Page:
Iona College (New York)
|Motto||Certa bonum certamen (Latin)|
Motto in English
|Fight the good fight|
|Affiliation||Roman Catholic (Congregation of Christian Brothers)|
|Endowment||$110.9 million (as of June 30, 2015)|
|President||Joseph E. Nyre|
|Provost||Vincent J. Calluzzo|
|Location||New Rochelle, New York, U.S.
|Campus||Suburban, 45 acres (0.2 km2)|
|Colors||Maroon and Gold
|Athletics||NCAA Division I – MAAC|
|Sports||21 varsity teams|
Iona College is a Congregation of Christian Brothers-affiliated four-year college in New Rochelle, New York. Located 20 miles north of Midtown Manhattan in suburban Westchester County, the college occupies 45 acres (0.18 km2) at 715 North Avenue. It also operates a Graduate Center in Pearl River Rockland County, New York.
Iona offers BA, BS, BBA, and BPS undergraduate degrees and several master's degree programs. An honors program, with special courses, seminars, mentoring, advising, and off-campus opportunities, is available to top students.
Previous to opening in New York, the brothers taught at Saint Mary's College in Halifax NS. They had been brought in from Bonaventure College in Saint John's Nfld in 1913. They operated the Halifax institution until 1940 when they were given a tearful sendoff after a run-in with the new archbishop, John T McNally.
Iona College opened its doors in 1940, with nine Christian Brothers and six lay faculty greeting the first class. The Christian Brothers named the College after Iona, the island monastery of St. Columba [in Irish: St. Colmcille] located off the west coast of Scotland. Columba founded the monastery in 563 AD. The Congregation of Christian Brothers was itself founded in 1802 by Blessed Edmund Ignatius Rice in Waterford, Ireland.
In 1940, the idea of the College's founding community of Brothers was to start a small, affordable college for the sons of New York's working class. At the time, the Christian Brothers taught in seven high schools in the Archdiocese of New York, including Iona Prep, All Hallows, Rice High School, and Power Memorial. They recognized that many of their graduates could not afford the cost of local universities, and so they started Iona.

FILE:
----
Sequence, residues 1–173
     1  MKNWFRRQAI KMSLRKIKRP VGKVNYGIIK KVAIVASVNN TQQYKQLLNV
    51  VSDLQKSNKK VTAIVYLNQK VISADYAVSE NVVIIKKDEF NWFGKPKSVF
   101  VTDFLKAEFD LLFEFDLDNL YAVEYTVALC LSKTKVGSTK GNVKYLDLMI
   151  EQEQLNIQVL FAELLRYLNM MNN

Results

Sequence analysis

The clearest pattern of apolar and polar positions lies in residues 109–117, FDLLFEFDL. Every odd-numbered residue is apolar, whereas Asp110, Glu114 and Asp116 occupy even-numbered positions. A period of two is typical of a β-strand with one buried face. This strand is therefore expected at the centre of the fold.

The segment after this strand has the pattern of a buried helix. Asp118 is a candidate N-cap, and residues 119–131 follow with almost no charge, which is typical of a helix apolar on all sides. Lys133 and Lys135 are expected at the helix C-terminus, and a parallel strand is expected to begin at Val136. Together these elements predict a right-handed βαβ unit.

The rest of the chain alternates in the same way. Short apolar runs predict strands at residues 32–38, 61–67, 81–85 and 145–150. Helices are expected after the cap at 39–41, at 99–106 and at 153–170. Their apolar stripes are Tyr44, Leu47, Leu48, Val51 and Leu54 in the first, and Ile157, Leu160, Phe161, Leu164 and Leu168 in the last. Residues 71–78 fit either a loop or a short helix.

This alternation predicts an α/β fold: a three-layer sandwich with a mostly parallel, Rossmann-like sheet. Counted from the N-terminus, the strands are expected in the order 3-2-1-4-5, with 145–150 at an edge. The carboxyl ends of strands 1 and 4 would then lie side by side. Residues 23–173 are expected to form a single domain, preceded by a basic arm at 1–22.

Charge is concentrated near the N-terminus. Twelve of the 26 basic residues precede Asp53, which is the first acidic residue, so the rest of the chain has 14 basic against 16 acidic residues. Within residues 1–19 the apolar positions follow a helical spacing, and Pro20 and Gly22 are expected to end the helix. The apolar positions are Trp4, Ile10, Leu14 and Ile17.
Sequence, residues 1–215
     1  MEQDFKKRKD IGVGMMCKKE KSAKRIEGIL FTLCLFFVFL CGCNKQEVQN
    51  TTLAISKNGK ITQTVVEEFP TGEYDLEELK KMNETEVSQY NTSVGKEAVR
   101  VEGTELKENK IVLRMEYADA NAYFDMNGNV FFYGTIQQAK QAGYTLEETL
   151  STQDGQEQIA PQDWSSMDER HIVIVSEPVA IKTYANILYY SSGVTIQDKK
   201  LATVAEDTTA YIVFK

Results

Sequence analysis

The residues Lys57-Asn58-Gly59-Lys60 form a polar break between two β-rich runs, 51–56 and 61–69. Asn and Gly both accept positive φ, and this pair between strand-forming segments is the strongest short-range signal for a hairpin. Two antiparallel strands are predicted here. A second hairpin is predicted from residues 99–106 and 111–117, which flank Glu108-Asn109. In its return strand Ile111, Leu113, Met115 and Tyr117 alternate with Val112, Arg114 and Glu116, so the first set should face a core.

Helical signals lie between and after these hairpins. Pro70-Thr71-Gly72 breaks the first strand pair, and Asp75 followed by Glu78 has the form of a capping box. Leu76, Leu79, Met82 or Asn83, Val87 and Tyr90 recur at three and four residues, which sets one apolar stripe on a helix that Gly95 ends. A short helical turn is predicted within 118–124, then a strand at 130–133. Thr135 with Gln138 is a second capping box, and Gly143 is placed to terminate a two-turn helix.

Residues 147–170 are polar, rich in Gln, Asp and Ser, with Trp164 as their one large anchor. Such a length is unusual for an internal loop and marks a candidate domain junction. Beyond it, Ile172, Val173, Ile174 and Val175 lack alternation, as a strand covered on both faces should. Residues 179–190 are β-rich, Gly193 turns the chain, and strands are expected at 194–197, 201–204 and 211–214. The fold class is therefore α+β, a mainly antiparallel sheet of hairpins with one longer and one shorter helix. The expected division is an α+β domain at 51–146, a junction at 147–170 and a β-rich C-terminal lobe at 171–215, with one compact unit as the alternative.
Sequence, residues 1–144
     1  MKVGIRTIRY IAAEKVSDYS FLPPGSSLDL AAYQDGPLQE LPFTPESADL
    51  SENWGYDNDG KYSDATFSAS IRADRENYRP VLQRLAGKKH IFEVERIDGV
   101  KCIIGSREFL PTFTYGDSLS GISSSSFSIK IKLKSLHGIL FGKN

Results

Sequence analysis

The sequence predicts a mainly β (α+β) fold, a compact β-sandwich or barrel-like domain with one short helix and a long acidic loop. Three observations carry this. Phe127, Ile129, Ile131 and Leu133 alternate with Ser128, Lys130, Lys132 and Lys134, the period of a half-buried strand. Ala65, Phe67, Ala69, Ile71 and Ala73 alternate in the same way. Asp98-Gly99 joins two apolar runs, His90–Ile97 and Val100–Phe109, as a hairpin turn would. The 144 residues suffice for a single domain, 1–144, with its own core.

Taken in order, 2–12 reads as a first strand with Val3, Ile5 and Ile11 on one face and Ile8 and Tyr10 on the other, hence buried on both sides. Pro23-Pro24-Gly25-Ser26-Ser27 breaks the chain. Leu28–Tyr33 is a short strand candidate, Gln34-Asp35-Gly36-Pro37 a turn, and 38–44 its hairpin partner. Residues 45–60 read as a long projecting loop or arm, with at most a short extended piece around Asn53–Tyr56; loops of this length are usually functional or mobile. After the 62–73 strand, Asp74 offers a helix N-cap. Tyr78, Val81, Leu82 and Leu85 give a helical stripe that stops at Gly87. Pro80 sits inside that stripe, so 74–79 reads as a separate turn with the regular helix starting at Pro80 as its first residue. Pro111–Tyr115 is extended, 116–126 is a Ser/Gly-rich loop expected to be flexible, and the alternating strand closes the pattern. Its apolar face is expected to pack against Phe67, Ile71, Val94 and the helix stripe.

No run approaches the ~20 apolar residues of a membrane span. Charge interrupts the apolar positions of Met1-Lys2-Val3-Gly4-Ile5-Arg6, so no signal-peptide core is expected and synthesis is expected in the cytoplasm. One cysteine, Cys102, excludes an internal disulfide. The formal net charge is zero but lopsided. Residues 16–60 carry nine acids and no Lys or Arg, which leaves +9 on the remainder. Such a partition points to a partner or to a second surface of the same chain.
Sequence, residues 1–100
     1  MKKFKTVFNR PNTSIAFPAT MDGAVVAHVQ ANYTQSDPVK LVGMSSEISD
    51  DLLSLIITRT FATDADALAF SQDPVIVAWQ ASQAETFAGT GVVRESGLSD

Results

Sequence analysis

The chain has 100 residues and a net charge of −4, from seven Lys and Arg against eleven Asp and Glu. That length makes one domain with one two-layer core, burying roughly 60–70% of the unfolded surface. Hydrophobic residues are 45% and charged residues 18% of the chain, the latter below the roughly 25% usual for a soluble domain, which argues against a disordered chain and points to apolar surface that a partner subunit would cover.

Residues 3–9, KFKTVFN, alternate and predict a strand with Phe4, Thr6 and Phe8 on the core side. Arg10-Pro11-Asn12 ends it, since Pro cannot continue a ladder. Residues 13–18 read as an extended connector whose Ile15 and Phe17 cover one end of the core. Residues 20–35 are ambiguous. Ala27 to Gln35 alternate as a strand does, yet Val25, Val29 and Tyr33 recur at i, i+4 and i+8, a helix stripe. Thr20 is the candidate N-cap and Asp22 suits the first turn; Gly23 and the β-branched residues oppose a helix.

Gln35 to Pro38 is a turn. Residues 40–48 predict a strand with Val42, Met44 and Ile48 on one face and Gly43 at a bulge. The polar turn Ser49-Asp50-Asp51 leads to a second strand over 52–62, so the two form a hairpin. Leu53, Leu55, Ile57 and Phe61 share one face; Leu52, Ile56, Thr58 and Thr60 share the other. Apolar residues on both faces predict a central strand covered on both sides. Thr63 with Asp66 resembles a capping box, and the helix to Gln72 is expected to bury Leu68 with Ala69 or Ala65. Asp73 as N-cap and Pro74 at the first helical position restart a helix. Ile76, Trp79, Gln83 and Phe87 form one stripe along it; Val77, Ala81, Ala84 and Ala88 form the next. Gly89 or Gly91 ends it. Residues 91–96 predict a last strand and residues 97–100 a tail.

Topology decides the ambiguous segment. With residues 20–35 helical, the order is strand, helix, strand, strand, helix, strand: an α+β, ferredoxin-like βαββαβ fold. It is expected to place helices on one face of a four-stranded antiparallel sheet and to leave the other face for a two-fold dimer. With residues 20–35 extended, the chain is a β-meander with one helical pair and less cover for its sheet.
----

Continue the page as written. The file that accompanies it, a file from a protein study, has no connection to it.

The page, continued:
Guiding the College through its tenuous start and sudden growth were two gifted Presidents: Br. William Barnabas Cornelia (1885–1955) and Br. Arthur Austin Loftus (1904–1979). One a native of Dublin, the other a native New Yorker, they helped Iona expand and prosper throughout the middle of the 20th century.
List of Presidents
- Br. William Barnabas Cornelia, CFC, PhD (1940–1946)
- Br. Arthur Austin Loftus, CFC, PhD (1946–1953)
- Br. William H. Barnes, CFC, PhD (1953–1959)
- Br. Richard B. Power, CFC, PhD (1959–1965)
- Br. Joseph G. McKenna, CFC, PhD (1965–1971)
- Br. John G. Driscoll, CFC, PhD (1971–1994
- Br. James A. Liguori, CFC, EdD (1994–2011)
- Dr. Joseph E. Nyre, PhD (2011–present)
According to its mission statement, "Iona College is a caring academic community, inspired by the legacy of Blessed Edmund Rice and the Christian Brothers, which embodies opportunity, justice, and the liberating power of education. Iona College's purpose is to foster intellectual inquiry, community engagement, and an appreciation for diversity. In the tradition of American Catholic Higher Education, Iona College commits its energies and resources to the development of graduates recognized for their ethics, creativity, and problem solving abilities; their independent and adaptable thinking; their joy in lifelong learning; and their enduring integration of mind, body, and spirit." This statement was adopted in May 2012.
The university is divided into two main academic units: a school of arts and sciences, and a business school. The School of Arts & Sciences is one of the two main schools at Iona College. Iona College hired a new dean of Arts & Sciences, Dr. Sibdas Ghosh to replace interim dean, Dr. Jeanne Zaino. Many students choose to obtain degrees in mass communications, journalism, education, and psychology. Iona boasts excellent scholars and teachers among the faculty in liberal arts and sciences.
The School offers degree programs leading to the Bachelor of Business Administration in accounting, business administration, finance, information systems, international business, management, and marketing. The school also has a fast track MBA program, which is geared toward people who want to gain an edge in their chosen field. The Fast Track MBA shaves 10 months off the length of traditional MBA programs by offering courses in a sequence that guarantees a speedy graduation. On the school's website its mission is stated as 'The School’s commitment to Catholic Higher Education in the Christian Brothers’ Tradition coupled with our AACSB – International (Association to Advance Collegiate Schools of Business) accreditation assures that the student is at the core of everything we do.' In November 2015, Robert LaPenta, Iona alumni, granted the college with a $15 million gift to rebuild The Hagan School of Business.